Delicious shorts: A review of the ten bite-sized stories of Pixar Popcorn

(image via IMP Awards)

There is no point at which you can ever say “I have had enough Pixar, thank you.”

The now Disney-owned and run animation powerhouse has a proven track record for delivering animated features that is visually lush and evocative, stories that don’t simply tug at the heartstrings but rip them out and put them back in place with sensitivity and empathy, and most importantly importantly in the context of the all-new 10-episode Pixar Popcorn, characters so alive and vividly realised that you want to spend as much time with them as possible.

Although, to be fair, the time spent with the characters in this context, is brief indeed.

The longest shorts in a selection that takes in Toy Story, Coco, Soul, The Incredibles, Finding Dory and Cars run to just 3 to 4 minutes with some of the animated nuggets coming in at a scant but perfectly judged minute.

But here’s the thing – the producers behind these shorts used the time they have exquisitely well, delivering stories that rely less on dialogue than character evocation and deft use of the places in the Pixar universe that we have come to know and love.

Take the first short off the animated rank, “To Fitness and Beyond” which stars Buzz Lightyear in a post Toy Story 4-toyroom – Woody is noticeably absent though you do gain heart from the fact that he’s off with Bo Peep living his best new childfree life – doing his best to get all the other toys, including Mr. Potato Head, Forky, Rex, Jessie, Dolly and Hamm (With Mr Pricklepants too though he seems more interested in fake reading that toning up), fit and ready for what you can only guess is lots more playing.

There is no dialogue to be had but a delightfully short and sharp story, we witness, in what is essentially a perfect character study of one of Pixar’s most beloved creations, Buzz Lightyear’s boundless enthusiasm for the task at hand, his crushing disappointment when it seems everyone is not as vested as he is in the activity and his reassurance that he is loved and respected, and most important of all, cared for when everyone finally joins in.

It’s not a complex story but it is emotionally powerful and comes with the bonus joy of spending more time in a toyroom that feels as much like home as our lounge rooms.

Similarly, “Dory Finding”, which features the most forgetful fish on the Australian Great Barrier Reef, is a master study in zeroing in on what makes a character memorable, special and beloved and have some affectionate fun with it over three finely-executed minutes.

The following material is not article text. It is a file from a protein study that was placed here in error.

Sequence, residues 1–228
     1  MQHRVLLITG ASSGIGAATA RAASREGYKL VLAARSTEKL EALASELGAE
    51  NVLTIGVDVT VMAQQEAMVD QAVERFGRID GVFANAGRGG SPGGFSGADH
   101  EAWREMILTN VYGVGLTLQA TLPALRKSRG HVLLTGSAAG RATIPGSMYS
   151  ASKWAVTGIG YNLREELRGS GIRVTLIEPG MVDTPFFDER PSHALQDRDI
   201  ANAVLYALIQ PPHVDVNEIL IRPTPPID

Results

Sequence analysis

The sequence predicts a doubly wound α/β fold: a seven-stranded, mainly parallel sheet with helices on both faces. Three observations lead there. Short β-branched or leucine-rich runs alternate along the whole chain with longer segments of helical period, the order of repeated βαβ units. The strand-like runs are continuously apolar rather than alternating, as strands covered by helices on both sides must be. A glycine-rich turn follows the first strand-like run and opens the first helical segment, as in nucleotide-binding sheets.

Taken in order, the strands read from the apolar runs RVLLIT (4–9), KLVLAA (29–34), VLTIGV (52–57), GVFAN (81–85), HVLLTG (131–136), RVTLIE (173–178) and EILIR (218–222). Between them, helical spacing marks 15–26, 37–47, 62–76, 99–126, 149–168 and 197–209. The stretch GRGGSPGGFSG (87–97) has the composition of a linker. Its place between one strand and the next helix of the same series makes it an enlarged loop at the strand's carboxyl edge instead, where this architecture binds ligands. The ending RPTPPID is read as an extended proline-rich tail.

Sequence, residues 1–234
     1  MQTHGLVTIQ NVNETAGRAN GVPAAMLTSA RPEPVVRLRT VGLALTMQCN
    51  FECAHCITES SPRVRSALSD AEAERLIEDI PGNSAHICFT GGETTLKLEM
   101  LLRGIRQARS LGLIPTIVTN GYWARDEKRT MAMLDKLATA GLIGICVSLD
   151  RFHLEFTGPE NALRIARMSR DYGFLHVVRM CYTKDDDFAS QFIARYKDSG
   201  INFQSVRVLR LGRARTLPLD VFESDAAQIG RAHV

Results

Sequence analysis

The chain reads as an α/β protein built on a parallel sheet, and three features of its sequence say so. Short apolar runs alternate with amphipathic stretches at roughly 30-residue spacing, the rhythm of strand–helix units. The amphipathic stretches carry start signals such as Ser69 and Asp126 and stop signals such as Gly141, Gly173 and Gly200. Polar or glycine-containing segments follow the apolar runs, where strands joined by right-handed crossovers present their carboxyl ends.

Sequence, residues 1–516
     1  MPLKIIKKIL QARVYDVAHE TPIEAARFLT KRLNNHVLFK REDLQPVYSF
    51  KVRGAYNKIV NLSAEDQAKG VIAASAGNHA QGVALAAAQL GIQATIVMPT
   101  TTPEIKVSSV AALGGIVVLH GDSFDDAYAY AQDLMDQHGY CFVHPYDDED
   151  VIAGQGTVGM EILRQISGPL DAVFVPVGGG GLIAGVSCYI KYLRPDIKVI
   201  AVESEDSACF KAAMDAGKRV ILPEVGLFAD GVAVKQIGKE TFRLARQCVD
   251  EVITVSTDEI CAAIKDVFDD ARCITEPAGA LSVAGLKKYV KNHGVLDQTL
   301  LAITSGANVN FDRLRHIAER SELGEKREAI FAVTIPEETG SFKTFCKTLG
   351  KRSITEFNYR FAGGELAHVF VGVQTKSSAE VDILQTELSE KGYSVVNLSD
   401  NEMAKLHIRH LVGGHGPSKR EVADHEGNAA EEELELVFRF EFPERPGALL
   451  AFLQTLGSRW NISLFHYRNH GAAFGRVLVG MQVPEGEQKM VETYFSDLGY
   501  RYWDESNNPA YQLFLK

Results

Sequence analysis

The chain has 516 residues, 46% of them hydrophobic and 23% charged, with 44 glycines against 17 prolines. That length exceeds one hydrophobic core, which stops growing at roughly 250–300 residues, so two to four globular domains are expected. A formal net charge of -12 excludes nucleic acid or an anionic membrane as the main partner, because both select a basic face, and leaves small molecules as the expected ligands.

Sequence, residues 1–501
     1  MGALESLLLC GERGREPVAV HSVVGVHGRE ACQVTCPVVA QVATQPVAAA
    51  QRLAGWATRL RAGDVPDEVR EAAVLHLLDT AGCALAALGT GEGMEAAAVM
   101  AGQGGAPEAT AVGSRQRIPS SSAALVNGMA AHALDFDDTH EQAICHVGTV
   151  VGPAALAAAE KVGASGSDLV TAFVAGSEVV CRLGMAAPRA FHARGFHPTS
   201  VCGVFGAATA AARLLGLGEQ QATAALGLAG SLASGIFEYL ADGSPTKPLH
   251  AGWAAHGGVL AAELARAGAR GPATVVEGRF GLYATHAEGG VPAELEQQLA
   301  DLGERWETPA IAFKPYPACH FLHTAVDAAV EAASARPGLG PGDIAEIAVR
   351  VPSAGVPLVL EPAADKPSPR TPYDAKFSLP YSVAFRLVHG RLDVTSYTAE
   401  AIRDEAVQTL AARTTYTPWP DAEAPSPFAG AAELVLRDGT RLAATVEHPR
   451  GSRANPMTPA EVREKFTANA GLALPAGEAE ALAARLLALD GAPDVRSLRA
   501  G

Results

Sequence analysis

In a short that hints that the ocean environment is not as pristine clean as we’d like to imagine it is, Dory finds a number of man-made objects including glasses, a whistle, glass bottles and a mirror and in a bid to work out what these strange things do, ends up having a great deal of characteristically goofy fun along the way.

Chief among the things we love about Dory is her playful innocence and lack of guile and of course, her endless curiosity, all of which is on display in a short which seems her roaming across the reef, attracting strange glances from other ocean dwellers and happily doing her own quirky thing.

Again, not an overly complex story but a ton of heartwarming emotion and a chance to spend time with a character whose love of life and warmth and compassion are incredibly attractive for those of us tired of an all-too-clever and often cruel world.

Other shorts, such as the two starring Ducky & Bunny from Toy Story 4 (“Fluffy Stuff with Ducky & Bunny: Love” and “Fluffy Stuff with Ducky & Bunny: Three Heads”), which takes hilarious riffing to a whole new highly-amusing level, and the ones starring The Incredibles family, “Chore Day the Incredibles Way” and “Cookie Num Num”, which is all slapstick perfection, go for the comedic jugular.

They don’t eschew a focus on character since that would essentially mean de-Pixaring the shorts, but their focus is on having some riotously silly fun, verbally and physically respectively with characters who naturally lean towards that kind of expression.

Granted, Pixar Popcorn is all over and done with in just 21 all-too-short minutes – you can either watch them as discrete cartoons or do a mega all-ten-at-once watch-a-thon – and they might leave you yearning for some more long-form storytelling but each of the cartoons are a bite-sized piece of animation perfection, topped by short intros that make liberal fun of Luxo Jr. and the presence of popcorn in the title in ways that will delight almost as much as the cartoons themselves, an oasis of reassurance that everything you know and love about your favourite characters is still very much in place and that they are living their best lives just as you would want them to.

Pixar Popcorn is currently available on Disney Plus.

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